I may be a 22 year old but I am a planner and was hoping to get advice about things to do or out of the box ideas that aren't on typical tourist websites. Or advice from people who live in/have been to Rome who found something to be wonderful and memorable. Or inexpensive restaurants that locals go to.

    @kybourbon our flight arrives at 9:30 so we will have plenty of time to go to the apartment, leave our bags, and get settled before we go to the gardens. We will each have a small bag with us so if we have to check it, it will be pretty simple hopefully. :)
    Also I thought about the Roma Pass but we most likely wont use the busses or metros to get around Rome since we are staying so central. Would it be worth it for the entrances discount alone? Also I will move the Vatican to day 3 (see updated schedule at the end of this reply)

    @Denisea I think I will be taking Jean's advice and nixing the day trip (this time ;) ) I spoke with my mother and she agreed that we are still young and have plenty of time to come back so now I have a whole extra day to play with! I have looked at Santa Maria Sopra Minerva and I feel like it would be wonderful to sketch with all of the architecture. Do you think I should add it on to day 4? I feel that would be very much crowded, no?

    FOR THOSE TUNING IN:
    1) The 50E is only for things we buy that day like lunch or anything unplanned. I will be paying for ALL tickets, passes, activities, transportation, or anything you have to buy in advance.

    ********PLEASE SEE UPDATED SCHEDULE********

    SUN 9/11 Day 1: I want to take it relatively easy the first day because of travel.
    I figure that we can be ready to explore after lunch.
    Stop 1: Fountain Di Trevi
    Stop 2: Walk up the Spanish steps
    Stop 3: Borghese Garden and Gallery(already purchasing in advance)
    Stop 4: Panoramic Sunset (7:30PM) at Monte Pincio
    Any tips or suggestions after this?

    MON 9/12 Day 2: Open for suggestions now that I am no longer doing the day trip.

    TUES 9/13 Day 3: Vatican City (NO TOURS)
    Stop 1: Coffee in front of St. Peters Square (my mom will want to sketch the Dome)
    Stop 2: 9AM St. Peter's (including the roof/dome)
    Stop 3: Early lunch (low cost any suggestions?)
    Stop 4: Vatican Museums, Sistine chapel, and Gardens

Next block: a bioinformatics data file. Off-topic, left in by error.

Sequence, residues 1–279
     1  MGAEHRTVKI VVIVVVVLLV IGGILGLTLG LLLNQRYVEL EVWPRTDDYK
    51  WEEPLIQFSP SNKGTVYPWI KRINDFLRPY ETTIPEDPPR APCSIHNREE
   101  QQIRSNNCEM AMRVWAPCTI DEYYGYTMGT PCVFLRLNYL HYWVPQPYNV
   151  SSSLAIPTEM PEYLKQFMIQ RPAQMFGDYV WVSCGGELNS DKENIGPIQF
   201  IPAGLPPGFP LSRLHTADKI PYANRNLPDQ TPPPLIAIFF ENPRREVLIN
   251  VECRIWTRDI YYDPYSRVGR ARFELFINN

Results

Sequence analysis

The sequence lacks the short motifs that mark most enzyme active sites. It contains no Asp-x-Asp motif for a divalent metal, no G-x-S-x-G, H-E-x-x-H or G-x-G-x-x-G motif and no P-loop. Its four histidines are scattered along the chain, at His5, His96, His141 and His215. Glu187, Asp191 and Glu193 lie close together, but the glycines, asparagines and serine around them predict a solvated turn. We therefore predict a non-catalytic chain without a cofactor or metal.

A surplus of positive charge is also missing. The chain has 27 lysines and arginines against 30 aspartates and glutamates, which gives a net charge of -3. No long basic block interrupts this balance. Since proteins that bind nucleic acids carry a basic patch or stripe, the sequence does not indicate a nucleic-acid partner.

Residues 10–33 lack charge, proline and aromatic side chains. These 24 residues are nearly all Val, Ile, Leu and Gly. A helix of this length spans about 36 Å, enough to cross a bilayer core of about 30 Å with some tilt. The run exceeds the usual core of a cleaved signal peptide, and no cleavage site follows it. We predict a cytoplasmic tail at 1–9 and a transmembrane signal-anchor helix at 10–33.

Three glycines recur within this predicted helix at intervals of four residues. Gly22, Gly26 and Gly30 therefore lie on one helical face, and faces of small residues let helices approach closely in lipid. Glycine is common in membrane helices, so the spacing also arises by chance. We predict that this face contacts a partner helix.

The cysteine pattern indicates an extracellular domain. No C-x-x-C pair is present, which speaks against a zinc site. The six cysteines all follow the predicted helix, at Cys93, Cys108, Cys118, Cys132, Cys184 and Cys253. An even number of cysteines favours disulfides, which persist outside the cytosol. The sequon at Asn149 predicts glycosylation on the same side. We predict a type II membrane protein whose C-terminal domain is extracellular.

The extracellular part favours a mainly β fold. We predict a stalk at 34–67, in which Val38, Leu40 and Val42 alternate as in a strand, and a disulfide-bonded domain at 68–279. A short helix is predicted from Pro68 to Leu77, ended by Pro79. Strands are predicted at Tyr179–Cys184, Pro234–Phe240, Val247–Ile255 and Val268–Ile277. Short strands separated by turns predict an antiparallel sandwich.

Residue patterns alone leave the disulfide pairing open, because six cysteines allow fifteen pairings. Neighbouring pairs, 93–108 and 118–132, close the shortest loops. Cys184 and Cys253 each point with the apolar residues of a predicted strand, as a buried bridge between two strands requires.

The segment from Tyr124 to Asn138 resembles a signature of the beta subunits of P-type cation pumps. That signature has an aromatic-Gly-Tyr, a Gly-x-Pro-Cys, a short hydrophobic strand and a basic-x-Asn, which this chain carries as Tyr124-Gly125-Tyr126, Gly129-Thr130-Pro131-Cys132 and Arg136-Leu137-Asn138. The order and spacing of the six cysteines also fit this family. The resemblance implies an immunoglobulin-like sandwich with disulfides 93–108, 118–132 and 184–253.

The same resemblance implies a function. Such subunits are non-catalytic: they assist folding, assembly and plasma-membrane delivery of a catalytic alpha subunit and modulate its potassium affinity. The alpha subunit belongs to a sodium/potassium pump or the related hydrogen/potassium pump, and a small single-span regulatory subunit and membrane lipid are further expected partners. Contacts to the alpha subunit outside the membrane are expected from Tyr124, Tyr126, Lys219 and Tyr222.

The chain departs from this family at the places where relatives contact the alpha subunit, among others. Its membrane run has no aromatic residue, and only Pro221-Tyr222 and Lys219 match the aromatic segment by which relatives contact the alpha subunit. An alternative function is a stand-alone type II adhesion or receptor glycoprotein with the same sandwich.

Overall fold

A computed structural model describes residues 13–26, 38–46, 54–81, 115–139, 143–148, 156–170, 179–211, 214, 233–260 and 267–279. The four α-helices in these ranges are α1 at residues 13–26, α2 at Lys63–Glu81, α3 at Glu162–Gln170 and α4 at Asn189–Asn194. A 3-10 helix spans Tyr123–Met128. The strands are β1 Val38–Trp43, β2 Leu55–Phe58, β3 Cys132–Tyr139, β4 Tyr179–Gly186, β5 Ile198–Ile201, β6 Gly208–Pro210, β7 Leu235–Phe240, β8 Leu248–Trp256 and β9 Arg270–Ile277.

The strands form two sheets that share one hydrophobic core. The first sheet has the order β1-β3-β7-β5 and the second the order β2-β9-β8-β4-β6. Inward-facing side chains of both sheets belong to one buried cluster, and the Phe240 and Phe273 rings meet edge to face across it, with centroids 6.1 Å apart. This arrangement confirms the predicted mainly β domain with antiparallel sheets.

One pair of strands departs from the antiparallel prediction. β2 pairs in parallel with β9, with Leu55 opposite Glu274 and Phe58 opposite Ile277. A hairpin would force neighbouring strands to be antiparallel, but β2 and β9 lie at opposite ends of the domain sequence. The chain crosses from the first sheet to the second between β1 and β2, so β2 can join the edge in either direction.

I figure we will be finished around dinner time but I have no plans after this. I was thinking about an activity like a cooking class, going to the opera, or wine tasting. Advice here would be great!

    WED 9/14 Day 4: "Caesar's Shuffle"
    Stop 1: Pantheon
    Stop 2: Colosseum (also going to 3rd tier and sub arena levels where gladiators walked!)
    Stop 3: Roman Forum and Palatine Hill
    Stop 4: Capitoline Hill and Museum (optional)
    These are just the basics of what I want to do so I am definitely open to tips!

    THURS 9/15: Day 5:
    We will be taking a train up to Florence around 11am so I’m not sure what we could do in the morning besides breakfast.

    Does anyone have any advice about the train stations/ subways/buses/or transportation tips in general besides pickpockets, like anything that made you think "I wish I had known that before" ?

    Thank you all for your advice!

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    >>> our flight arrives at 9:30 so we will have plenty of time to go to the apartment, leave our bags, and get settled before we go to the gardens.

    You are staying at an airbnb. You will be there probably 11:30am-noon. In order for your first plan to work, you would need to be able to leave your bags on arrival. Do you know that you can do this with this apartment at this time?

    I don't see any evening walk to visit fountains or Colosseum lit at night. No interest?

    >>> Stop 2: 9AM St. Peter's (including the roof/dome)
    This will be too late if you want to avoid crowd. Each visit, it has gotten more crowded earlier. Last fall I finished St. Peters Basilica by 9:00 A.M. and the tour groups were pouring in by mass by that time. By the time we got to the cupola right after, it was jam packed with selfie toting tour groups at the top.

    >>> I especially want to see at least one hidden gem off the beaten path (Secret gardens, awesome places to sketch, etc)

    This kind of place is hidden because of the special interest. If it is of general interest, it would not be "hidden". I visit some obscure monuments in Rome. These kind of out of way places are meaningless for those without specific interests.